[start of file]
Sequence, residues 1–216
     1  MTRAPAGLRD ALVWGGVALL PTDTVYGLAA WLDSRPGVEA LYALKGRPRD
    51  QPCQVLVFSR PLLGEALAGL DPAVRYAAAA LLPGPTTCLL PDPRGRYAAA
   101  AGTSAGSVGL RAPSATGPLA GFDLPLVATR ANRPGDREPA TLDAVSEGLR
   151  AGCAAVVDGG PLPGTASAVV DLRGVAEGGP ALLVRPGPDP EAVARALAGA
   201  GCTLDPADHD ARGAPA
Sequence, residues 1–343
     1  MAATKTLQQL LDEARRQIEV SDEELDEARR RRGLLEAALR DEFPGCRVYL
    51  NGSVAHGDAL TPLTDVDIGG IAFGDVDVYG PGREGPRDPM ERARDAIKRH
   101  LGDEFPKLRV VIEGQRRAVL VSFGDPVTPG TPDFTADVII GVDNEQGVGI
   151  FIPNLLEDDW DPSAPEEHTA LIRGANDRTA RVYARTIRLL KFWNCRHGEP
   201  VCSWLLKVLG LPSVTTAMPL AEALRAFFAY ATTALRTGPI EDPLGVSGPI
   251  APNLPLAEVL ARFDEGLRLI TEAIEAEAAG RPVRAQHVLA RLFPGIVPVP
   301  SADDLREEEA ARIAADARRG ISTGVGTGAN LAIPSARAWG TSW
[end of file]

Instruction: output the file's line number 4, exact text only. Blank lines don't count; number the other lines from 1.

   101  AGTSAGSVGL RAPSATGPLA GFDLPLVATR ANRPGDREPA TLDAVSEGLR